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Coronavirus: Why your local hospital may also need stimulus checks

Brian Sozzi
·Editor-at-Large

NewYork-Presbyterian CEO Dr. Steven Corwin is pulling no punches on the state of his 13-location hospital business as it continues to navigate the COVID-19 pandemic.

“I can tell you from hospital system, we are about $9 billion in top line revenue. We expect a loss anywhere from $600 million to $1 billion this year. It was on top of historic margins in the 3% to 4% range. It is a huge blow for us,” Corwin told Yahoo Finance’s The First Trade.

Corwin believes the government may have to step in with more stimulus funds after setting aside $100 billion for hospitals as part of the Coronavirus Aid, Relief, and Economic Security (CARES) Act.  

“I think what would be important in the HEROES Act would be to convert the Medicare Advantage payments to grants that benefits hospitals around the country. Of course you are seeing a lot of hospitals really struggle. So it would be a factor of more stimulus going to the hospitals, especially because what we are seeing in the smaller hospitals, rural hospitals, the safety net hospitals and the inner-cities, they are not going to be able to make it if they don’t get some additional monies,” Corwin said.

The bottom line blow for NewYork-Presbyterian — fueled by increased staffing and equipment costs — underscores how severe New York has been hit by the pandemic.

FDNY paramedics place an empty collapsible wheeled stretcher into an ambulance after delivering a patient into the emergency room at NewYork-Presbyterian Lower Manhattan Hospital, Wednesday, March 18, 2020, in New York. "Do not go to the emergency room unless it is a true, immediate and urgent emergency," said Mayor Bill de Blasio, who pleaded Tuesday with people who suspect they have coronavirus symptoms to stay home and see if they improve in a few days before even calling a doctor. For most people, the new coronavirus causes only mild or moderate symptoms. For some it can cause more severe illness. (AP Photo/Mary Altaffer)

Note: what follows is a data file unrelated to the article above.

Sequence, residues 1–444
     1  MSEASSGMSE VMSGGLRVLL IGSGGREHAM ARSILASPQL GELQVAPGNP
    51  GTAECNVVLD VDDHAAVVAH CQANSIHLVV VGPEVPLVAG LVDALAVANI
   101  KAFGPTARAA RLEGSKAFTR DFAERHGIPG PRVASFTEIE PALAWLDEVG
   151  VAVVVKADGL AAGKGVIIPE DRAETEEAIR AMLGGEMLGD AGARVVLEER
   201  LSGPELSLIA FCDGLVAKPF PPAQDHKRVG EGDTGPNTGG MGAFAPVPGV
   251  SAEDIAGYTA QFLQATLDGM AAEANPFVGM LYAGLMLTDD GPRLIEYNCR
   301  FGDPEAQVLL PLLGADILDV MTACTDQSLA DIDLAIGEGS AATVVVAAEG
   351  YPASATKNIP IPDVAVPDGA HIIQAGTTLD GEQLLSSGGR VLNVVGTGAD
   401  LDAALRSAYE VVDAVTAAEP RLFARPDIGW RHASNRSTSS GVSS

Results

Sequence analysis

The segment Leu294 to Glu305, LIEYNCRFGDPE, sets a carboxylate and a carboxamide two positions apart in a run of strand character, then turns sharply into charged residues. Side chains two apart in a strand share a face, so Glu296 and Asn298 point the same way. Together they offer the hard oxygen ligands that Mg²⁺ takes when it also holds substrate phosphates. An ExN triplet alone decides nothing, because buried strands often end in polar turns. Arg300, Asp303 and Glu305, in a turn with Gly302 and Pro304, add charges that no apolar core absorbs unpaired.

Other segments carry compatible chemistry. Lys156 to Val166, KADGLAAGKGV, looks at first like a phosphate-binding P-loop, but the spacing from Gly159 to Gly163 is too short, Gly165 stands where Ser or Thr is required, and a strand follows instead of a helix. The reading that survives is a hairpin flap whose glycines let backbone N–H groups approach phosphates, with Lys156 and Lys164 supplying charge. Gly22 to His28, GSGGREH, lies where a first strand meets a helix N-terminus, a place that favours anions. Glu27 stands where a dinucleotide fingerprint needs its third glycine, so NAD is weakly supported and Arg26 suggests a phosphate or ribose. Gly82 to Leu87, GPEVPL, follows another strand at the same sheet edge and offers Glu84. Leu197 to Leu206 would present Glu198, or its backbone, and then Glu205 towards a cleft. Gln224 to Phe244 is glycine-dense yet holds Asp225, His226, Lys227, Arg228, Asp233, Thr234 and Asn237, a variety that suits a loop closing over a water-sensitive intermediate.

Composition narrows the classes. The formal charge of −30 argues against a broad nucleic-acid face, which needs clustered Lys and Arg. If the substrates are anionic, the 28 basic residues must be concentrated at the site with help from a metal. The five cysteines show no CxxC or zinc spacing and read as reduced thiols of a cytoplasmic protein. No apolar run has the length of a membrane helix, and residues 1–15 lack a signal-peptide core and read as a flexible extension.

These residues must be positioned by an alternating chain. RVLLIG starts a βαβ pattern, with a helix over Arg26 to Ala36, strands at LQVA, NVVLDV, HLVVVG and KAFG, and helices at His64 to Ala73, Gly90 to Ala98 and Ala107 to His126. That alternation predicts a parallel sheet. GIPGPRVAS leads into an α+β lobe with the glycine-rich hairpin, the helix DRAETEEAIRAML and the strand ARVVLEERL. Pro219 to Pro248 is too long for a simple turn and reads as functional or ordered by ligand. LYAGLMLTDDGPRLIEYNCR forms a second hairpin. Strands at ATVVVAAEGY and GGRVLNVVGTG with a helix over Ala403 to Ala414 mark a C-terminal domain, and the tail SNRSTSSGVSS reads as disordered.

FDNY paramedics place an empty collapsible wheeled stretcher into an ambulance after delivering a patient into the emergency room at NewYork-Presbyterian Lower Manhattan Hospital, Wednesday, March 18, 2020, in New York. "Do not go to the emergency room unless it is a true, immediate and urgent emergency," said Mayor Bill de Blasio, who pleaded Tuesday with people who suspect they have coronavirus symptoms to stay home and see if they improve in a few days before even calling a doctor. For most people, the new coronavirus causes only mild or moderate symptoms. For some it can cause more severe illness. (AP Photo/Mary Altaffer)

New York has had 414,000 COVID-19 infections and 32,228 deaths. New York City alone tallied close to 50% of New York’s total infections and more than that when it comes to deaths. The overall United States has seen 4.04 million COVID-19 infections and 145,000 deaths.

Corwin says he doesn’t have plans for a large scale cost-cutting program that puts patients at risk. But, he is looking at ways to trim expenses to keep his hospital network afloat and continuing to help fight the silent killer that is COVID-19.

“We’ll take cost out on the expense side. I will say that we made no layoffs a priority. First, we asked people to run through walls for us. We asked our employees to do the impossible. They did that. You know how difficult the pandemic was in New York. I can’t see turning around and saying to people we are going to lay you off. We will look at very tight position control. We have instituted a voluntary retirement program. So we are mindful of the fact that the cost structure will have to go down. Certainly there are many things on the expense and efficiency side that we can accomplish. We’ll get about $500 million in expense reduction, but without having to resort to layoffs,” Corwin explained.

Brian Sozzi is an editor-at-large and co-anchor of The First Trade at Yahoo Finance. Follow Sozzi on Twitter @BrianSozzi and on LinkedIn.

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